CN: ableist slurs
This post is spurred by a recent post by my colleague Ania, which is a challenge to those of us within the community to stop using ableist language for one month. I recommend reading her post explaining why certain words are harmful to neurodivergent and disabled people and can perpetuate stigma against them.
Over the last few years, I’ve come to know many people who have disabilities, or identify themselves as disabled even if they don’t have official diagnoses. Ania herself has been a big part of my revelation on this topic. I have learned through exposure that terms which I used to use casually, like “retarded,” “stupid,” “lame,” and “blind” are subtly enforcing a culture which demonizes those traits.
Ania’s post sums this up better than I ever could, but what it comes down to is that using terms which devalue people’s intelligence inherently devalues them as human beings. As atheists, we (myself included) sometimes hinge our worth as people on our intelligence. “How can religious people be so blind?” is a common thought I’ve seen and had myself. “Christians are delusional,” is another one I’ve seen far too often, and in fact have made more than one YouTube video attempting to debunk.
Basically, as rationalists, we pride ourselves on our superior intelligence and sometimes make fun of people who fall prey to seemingly obvious fallacious thinking. We use terminology like “stupid, delusional, crazy,” to describe our incredulous feelings as to how people could possibly think those things.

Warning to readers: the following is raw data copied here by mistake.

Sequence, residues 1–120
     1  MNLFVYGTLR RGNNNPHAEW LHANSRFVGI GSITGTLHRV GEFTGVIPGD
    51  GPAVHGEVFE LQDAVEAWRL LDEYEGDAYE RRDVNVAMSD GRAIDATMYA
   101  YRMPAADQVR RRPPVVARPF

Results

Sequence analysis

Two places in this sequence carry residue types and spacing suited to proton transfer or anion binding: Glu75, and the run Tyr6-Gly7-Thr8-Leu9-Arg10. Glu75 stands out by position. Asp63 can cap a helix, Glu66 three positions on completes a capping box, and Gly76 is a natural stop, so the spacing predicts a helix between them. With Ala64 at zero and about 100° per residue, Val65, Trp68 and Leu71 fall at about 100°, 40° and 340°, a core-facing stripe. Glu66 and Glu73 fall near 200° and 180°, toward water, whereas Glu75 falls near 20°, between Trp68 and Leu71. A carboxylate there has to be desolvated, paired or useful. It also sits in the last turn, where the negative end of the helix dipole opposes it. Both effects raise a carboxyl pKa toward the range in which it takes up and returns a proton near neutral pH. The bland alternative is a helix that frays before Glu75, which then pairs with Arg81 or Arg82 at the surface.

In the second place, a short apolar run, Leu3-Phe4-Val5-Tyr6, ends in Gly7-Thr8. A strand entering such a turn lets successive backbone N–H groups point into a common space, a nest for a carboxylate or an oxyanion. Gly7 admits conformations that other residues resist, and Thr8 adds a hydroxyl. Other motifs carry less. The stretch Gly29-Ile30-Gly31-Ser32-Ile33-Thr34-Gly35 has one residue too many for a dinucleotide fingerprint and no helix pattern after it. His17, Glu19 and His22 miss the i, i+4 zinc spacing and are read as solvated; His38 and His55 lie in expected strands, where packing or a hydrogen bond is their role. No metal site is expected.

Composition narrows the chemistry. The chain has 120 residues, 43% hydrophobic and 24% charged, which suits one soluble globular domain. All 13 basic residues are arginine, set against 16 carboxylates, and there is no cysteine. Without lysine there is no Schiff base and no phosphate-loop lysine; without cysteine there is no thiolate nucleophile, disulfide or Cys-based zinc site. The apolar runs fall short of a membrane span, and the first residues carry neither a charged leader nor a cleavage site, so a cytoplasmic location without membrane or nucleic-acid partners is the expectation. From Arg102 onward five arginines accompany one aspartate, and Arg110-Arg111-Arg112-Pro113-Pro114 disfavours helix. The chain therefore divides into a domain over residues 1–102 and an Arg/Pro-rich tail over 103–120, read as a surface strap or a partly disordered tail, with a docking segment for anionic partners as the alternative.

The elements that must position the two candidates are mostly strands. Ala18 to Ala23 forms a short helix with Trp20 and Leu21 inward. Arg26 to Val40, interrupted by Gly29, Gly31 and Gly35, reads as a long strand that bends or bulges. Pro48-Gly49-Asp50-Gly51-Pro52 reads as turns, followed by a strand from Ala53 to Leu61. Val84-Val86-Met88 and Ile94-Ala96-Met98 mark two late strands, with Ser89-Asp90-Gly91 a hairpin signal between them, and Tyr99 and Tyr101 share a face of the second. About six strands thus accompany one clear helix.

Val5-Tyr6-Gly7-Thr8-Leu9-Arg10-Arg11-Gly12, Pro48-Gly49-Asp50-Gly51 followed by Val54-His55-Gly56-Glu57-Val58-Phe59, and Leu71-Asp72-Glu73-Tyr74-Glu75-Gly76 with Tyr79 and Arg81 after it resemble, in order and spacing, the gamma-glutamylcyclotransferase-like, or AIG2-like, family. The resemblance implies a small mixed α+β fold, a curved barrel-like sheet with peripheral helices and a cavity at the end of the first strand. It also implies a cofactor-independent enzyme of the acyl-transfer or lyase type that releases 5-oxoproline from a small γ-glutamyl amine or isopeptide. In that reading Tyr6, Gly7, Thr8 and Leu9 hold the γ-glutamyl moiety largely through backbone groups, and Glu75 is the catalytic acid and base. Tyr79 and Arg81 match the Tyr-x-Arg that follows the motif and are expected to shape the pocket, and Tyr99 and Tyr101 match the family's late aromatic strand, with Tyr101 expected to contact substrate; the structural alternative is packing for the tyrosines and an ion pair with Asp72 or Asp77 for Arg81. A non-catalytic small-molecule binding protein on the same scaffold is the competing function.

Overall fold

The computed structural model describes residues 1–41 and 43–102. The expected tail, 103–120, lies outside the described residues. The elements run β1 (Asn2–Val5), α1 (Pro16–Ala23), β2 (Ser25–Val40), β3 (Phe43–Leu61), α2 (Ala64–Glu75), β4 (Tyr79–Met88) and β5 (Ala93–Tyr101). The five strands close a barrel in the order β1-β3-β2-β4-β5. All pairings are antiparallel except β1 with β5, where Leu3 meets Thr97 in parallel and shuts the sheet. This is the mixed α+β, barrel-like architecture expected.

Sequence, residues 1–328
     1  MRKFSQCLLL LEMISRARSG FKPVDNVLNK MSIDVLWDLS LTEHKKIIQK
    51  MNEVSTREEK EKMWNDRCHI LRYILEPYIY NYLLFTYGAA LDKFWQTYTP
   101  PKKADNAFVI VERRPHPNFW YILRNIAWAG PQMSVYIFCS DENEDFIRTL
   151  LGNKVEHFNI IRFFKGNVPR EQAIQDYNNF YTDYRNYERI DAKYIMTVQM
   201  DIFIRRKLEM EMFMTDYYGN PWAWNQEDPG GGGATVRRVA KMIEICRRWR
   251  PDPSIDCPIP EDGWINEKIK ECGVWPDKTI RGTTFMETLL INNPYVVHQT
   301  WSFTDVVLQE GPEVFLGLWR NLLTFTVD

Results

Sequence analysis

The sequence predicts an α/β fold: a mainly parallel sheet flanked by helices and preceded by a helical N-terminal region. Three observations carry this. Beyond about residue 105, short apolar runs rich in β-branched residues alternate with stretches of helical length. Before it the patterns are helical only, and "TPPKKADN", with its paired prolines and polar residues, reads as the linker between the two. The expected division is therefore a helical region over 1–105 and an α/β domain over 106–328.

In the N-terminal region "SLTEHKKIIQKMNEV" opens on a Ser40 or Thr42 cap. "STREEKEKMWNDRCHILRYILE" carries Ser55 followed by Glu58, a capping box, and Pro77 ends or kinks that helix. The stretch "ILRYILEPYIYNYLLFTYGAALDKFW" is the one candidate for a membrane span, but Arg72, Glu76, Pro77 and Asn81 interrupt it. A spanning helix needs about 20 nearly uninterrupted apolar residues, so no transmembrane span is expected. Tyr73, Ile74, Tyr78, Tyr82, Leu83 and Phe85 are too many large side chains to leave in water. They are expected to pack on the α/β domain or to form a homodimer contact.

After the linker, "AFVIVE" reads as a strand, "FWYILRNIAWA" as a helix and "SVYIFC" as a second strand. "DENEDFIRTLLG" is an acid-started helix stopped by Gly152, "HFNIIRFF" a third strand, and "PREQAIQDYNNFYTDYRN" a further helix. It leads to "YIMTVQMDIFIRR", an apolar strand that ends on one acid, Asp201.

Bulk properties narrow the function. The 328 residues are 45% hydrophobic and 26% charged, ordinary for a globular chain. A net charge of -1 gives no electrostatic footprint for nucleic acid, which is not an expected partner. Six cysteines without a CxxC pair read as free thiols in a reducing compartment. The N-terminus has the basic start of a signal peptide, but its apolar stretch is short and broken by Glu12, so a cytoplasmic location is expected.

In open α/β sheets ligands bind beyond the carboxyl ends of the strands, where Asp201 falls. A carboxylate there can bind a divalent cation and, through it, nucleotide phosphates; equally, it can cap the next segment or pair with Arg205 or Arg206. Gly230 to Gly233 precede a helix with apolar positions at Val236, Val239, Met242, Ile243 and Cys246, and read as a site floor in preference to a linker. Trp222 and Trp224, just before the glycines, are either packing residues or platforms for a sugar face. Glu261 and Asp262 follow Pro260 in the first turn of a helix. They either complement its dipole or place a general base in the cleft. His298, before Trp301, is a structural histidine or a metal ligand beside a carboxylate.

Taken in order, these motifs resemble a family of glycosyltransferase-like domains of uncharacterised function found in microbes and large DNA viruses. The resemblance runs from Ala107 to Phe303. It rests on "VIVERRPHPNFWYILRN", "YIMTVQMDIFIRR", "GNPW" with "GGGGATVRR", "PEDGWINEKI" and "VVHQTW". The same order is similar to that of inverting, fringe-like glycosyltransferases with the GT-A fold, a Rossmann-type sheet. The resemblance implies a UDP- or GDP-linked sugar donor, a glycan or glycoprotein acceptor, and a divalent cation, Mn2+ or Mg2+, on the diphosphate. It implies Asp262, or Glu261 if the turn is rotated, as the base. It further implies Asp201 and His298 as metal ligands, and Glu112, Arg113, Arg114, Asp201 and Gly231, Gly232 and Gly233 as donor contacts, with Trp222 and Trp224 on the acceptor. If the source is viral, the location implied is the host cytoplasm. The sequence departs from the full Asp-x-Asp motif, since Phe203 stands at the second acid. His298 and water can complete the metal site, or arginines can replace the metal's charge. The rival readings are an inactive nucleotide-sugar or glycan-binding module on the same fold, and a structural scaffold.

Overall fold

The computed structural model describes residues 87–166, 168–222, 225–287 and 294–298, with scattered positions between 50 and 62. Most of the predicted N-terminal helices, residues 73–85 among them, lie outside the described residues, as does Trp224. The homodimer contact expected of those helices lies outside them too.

I’m here to say that there’s absolutely no reason to throw disabled people and people with mental illness under the bus when we’re expressing our incredulity at the ridiculous ideas which others put forth.
As someone who lives with mental illness (specifically, depression/anxiety disorder and ADHD), I can say that using terminology like “crazy” and “delusional” has the unintended side effect of lumping me in with people who make bad arguments and equating their poor mindsets with my actual disabilities.
Religion does not equate to delusion, and off-the-wall racist remarks don’t equate to stupidity. (Looking at you, Trump critics.)
I have tried, especially ever since the Skepchick debacle that I’m not going to link to, to stop using such language when I’m describing ideas and mindsets which make no sense to me, or which seem so over-the-top that only using terms that evoke a visceral response can satisfy.
Honestly? It’s hard. It’s very easy to say that Trump is a lunatic, or that conservatives as a whole are delusional. It’s much more difficult to find specific terminology to describe your exact feelings, and some of that visceral connotation gets lost when you choose not to say they’re crazy. But it forces you to actually think about what you’re saying, and describe with greater specificity what you think is wrong with their arguments.
And I think it’s important to introspect on why terms like “crazy” and “delusional” create such a visceral response in ourselves. It’s because there is a long-standing stigma against neurodivergence, and an all-too-common dehumanization of people who live with those afflictions. These terms create the same effect in our brain as cursing, at least in my experience.
“This guy is a fucking lunatic,” makes the fun brain chemicals involved with cursing, and separates us from them in such a way as we can view them as less than full human beings. How could anyone who is a rational human being possibly hold these views? Well, they may be irrational, but that’s no reason to create a categorical difference in our minds which essentially renders them subhuman.
In short, there are deep-seated reasons why it feels so satisfying to call someone crazy when they hold views which are radically different from our own. It’s easy, and vindicates us as being Right, while they are Wrong. But there are unintended side-effects, and an implication that people who actually are “crazy” are so different that they might as well not be people.
I want to give a huge thank you to Ania for posing this challenge. I have already tried to expunge ableist language from my vocabulary (although I do reclaim “crazy” to describe myself on occasion), but I know that I, and others within our community, can always do better.